I've never had to suffer such an agonizing wait to get the entertainment I was looking for as I did on Sunday and Monday. For months on end, I patiently waited for the start of the Daytona 500, the Great American Race.
Several of my relatives made the trip down to Daytona Beach, Fla., but it wasn't in the budget for me this year.
As I sat in my dad's living room in Kennedy watching his house and dog for him while he was at the track, I was disappointed when the skies opened up and dumped water all over the 2.5-mile oval Sunday.
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As the diehard fan that I am, I waited patiently as workers tried to dry the track, but Mother Nature just wasn't having it, and the race was postponed.
NASCAR pushed the start of the race back to noon Monday, which wouldn't have been a bad deal for me. I had planned to work Monday night to cover the opening night of Chautauqua's Got Talent and could've watched the race before I went to the event.
Then, of course, it rained more, and the start time got pushed back to 7 p.m., the same time Chautauqua's Got Talent started. I knew I wouldn't see the race live, so I called my relatives at the track and asked them not to call me during the "did you see that?" moments. With a little help from my grandparents, who agreed to tape the race for me since I don't have any sort of fancy digital recording device, I planned to watch the race as soon as I got home from work Monday night.
Following Chautauqua's Got Talent, I sat at my desk writing the article on the event for Tuesday's paper as I waited for the results to come in. Then, of course, my phone began ringing off the hook and the newsroom erupted in race-related noise shortly after Juan Pablo Montoya pulled off the difficult task of crashing his car into a safety vehicle during a caution flag.
That was when the element of surprise that I hoped to experience while watching the race began to unravel. It took workers so long to fix the track after Montoya caused an explosion by running into a jet dryer that I actually caught the end of the race live, which I didn't really want to do but could not resist.
Then, my grandpa hooked me up with the taped race, and I took it home. I immediately watched the race from flag-to-flag - skipping the two-hour delay - and finished up at about 4 a.m. Tuesday, nearly 40 hours after I had expected the race to start. I finally went to bed, feeling happy to have finally seen the Daytona 500.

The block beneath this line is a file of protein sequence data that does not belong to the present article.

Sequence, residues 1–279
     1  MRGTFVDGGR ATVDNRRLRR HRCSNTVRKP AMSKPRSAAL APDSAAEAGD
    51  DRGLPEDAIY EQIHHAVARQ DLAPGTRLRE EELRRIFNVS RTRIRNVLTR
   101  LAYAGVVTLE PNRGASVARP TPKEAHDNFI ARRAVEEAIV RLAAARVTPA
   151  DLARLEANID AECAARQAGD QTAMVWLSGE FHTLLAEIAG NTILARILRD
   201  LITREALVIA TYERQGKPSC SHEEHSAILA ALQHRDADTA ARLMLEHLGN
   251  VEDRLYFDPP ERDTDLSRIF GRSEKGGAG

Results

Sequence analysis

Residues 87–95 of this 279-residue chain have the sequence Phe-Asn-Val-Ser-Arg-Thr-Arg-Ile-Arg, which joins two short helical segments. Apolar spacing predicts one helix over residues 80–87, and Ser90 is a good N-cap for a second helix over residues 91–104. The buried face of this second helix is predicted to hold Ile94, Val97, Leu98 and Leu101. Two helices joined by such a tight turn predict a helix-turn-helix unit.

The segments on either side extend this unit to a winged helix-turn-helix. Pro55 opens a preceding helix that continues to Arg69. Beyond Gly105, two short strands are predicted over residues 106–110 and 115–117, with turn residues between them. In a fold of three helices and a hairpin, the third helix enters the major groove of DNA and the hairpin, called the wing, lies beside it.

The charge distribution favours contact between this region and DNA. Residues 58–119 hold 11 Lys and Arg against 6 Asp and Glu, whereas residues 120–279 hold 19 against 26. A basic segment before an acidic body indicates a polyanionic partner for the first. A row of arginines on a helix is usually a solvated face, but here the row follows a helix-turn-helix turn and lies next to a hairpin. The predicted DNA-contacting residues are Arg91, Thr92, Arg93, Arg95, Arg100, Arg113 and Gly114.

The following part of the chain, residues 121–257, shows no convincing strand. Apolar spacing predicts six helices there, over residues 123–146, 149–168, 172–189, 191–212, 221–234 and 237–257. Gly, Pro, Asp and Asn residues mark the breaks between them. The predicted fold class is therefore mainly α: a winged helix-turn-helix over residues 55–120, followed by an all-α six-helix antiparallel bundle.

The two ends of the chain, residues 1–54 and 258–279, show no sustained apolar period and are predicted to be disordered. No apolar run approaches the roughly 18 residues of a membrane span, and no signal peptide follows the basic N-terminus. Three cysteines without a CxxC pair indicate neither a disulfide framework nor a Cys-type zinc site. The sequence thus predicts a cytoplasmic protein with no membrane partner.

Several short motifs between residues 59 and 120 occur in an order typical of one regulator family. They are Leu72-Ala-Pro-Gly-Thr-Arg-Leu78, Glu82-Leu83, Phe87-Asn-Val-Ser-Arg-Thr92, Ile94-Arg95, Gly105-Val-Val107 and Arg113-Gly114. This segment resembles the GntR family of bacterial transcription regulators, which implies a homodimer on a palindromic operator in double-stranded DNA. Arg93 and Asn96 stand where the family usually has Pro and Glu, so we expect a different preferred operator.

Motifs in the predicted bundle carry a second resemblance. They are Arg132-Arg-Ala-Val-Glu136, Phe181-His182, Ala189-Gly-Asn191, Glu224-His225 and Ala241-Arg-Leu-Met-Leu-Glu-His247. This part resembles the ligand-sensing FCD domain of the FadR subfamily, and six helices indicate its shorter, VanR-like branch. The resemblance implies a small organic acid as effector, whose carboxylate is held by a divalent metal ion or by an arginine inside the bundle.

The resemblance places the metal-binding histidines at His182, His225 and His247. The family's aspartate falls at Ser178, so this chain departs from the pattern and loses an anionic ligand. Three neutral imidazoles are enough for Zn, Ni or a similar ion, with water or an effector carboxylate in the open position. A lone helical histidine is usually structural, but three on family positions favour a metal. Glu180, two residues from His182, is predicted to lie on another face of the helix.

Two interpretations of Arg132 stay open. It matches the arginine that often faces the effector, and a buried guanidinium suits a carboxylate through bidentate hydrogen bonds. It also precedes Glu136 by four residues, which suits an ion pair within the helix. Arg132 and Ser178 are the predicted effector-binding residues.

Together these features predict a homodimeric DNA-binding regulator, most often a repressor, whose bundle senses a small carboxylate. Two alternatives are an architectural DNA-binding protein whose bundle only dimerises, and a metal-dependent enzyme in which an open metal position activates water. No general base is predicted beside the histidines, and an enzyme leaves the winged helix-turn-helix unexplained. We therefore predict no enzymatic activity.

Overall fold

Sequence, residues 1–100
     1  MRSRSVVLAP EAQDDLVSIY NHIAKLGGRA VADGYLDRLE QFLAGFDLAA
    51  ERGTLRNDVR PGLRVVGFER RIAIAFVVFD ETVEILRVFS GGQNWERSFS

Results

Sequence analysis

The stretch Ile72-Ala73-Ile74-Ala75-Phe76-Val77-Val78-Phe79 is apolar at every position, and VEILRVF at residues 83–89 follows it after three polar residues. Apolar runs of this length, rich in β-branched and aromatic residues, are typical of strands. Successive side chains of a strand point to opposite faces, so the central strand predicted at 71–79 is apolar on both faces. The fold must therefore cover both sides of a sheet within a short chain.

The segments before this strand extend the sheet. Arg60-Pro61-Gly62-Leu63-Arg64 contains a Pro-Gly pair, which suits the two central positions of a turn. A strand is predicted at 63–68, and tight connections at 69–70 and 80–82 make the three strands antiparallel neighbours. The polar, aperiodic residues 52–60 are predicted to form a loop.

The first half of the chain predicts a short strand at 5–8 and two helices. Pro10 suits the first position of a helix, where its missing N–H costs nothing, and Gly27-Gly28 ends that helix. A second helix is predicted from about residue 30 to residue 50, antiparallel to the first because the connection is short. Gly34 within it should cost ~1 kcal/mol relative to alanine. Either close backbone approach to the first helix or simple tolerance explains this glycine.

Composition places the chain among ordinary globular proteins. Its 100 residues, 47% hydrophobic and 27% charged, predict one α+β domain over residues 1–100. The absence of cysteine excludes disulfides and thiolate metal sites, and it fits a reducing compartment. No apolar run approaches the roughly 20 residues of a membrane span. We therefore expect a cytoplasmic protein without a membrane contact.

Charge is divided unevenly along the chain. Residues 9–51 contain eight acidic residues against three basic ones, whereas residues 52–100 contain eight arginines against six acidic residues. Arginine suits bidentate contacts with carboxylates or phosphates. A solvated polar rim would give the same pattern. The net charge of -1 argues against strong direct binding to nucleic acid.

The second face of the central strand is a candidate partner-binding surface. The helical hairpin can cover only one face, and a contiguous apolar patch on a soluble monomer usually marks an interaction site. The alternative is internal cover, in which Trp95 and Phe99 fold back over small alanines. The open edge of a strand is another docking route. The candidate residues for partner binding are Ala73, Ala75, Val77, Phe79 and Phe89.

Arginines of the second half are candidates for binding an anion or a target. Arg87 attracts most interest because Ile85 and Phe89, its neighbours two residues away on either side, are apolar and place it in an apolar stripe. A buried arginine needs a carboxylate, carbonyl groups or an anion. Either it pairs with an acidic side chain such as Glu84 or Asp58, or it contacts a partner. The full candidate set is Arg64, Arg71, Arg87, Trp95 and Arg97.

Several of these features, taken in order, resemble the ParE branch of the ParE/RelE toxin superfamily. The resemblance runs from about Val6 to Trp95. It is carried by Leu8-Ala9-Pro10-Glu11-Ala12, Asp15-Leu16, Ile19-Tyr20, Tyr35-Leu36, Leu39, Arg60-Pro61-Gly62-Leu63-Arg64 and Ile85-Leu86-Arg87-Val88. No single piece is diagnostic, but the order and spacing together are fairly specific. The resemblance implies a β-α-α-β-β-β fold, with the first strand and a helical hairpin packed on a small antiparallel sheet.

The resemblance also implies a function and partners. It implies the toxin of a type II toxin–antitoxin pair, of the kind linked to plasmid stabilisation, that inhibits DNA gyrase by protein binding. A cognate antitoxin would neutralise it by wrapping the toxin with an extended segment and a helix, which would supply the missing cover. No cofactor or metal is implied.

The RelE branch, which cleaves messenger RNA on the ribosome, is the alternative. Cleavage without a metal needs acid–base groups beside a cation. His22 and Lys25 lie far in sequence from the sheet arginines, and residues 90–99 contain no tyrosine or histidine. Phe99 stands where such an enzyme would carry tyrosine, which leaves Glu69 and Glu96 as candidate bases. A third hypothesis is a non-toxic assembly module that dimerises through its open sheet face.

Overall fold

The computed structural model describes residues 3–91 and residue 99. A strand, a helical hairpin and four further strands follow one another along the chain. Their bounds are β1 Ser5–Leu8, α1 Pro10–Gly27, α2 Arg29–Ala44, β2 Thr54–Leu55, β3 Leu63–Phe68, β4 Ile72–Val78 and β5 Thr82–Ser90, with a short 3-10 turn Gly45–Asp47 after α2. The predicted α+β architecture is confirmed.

If you're looking for entertainment this weekend, I hope no one keeps you waiting for two days. Here's what's happening:
Tricia Brock, Bright Light Parade To Play Gateway Center: Presented by Family Life, "The 4:twelve Tour" is coming to the Gateway Center on Sunday at 2 p.m. The event is geared towards teens and youth groups, and will feature live rock music, Christian teaching, human obstacle courses, jousting, bungee runs and more.
Tricia Brock, from the Christian alternative rock band Superchick, will be performing, along with rock band Bright Light Parade. Brock's sound has been compared to mainstream artists such as No Doubt and Avril Lavigne.
Youth ministers Zane and Kandy Newton from Oklahoma will be keynote speakers.
General admission tickets are $18 in advance and $22 at the door. The price includes a pizza dinner. Group pricing is available for groups of 10 or more. Order tickets online at fln.org/tickets or by phone at 800-927-9083.
Chautauqua's Got Talent To Continue Monday: The second round of Chautauqua's Got Talent will be held Monday night at 7 in The Spire of Jamestown, located at 317 E. Third St. The 17 remaining acts will continue to compete for the $500 cash prize and a promotional press kit, including a website.
Tickets are on sale at Jamestown Savings Bank Arena and the Labyrinth Press Company for $6 pre-sale and $7 at the door per night, or $20 for a pass to all nights. Find and "like" Chautauqua's Got Talent on Facebook for opportunities to get discounts on tickets. The competition will be held Monday nights at The Spire through March 26.
Blue Grass Jam: 7-10, Celoron Legion, 26 Jackson Ave., Celoron. All area bluegrass musicians are welcome to sit in and play.
Driftwood With Well Worn Boot: 9, Mojo's, 104 E. Second St., Jamestown. Driftwood plays folk and bluegrass, and Well Worn Boot is a regionally touring rock band.
Bill Ward: 6-9, The Lakeview, 13 Water St., Mayville.
DJ Jimmy Whispas, Pressure Sensitive: 9:30-2, The Q, 104 W. Second St., Jamestown.
The Rough: 10-1, The Lakeview, 13 Water St., Mayville.
Howard Buck and the Rustic Ramblers: 8-midnight, Celoron Legion, 26 Jackson Ave., Celoron.
The Willow Creek Band: 9, Fountain Bowl, 3316 Fluvanna Ave Ext., Jamestown.
Comedy Night: 6:30 doors open, 7:30 show starts, The Q, 104 W. Second St., Jamestown. Table and bar reservations must be made. Admission will be $8 per person. For more information or to reserve a table or bar seat, call 483-6256. Matt Bergman will open and Paul Morrissey will headline.
The Entertainment Events Preview highlights concerts, festivals and other happenings in the region in each Thursday's paper. Suggestions for submission can be sent to Scott Shelters by emailing firstname.lastname@example.org or by calling 487-1111, ext. 253.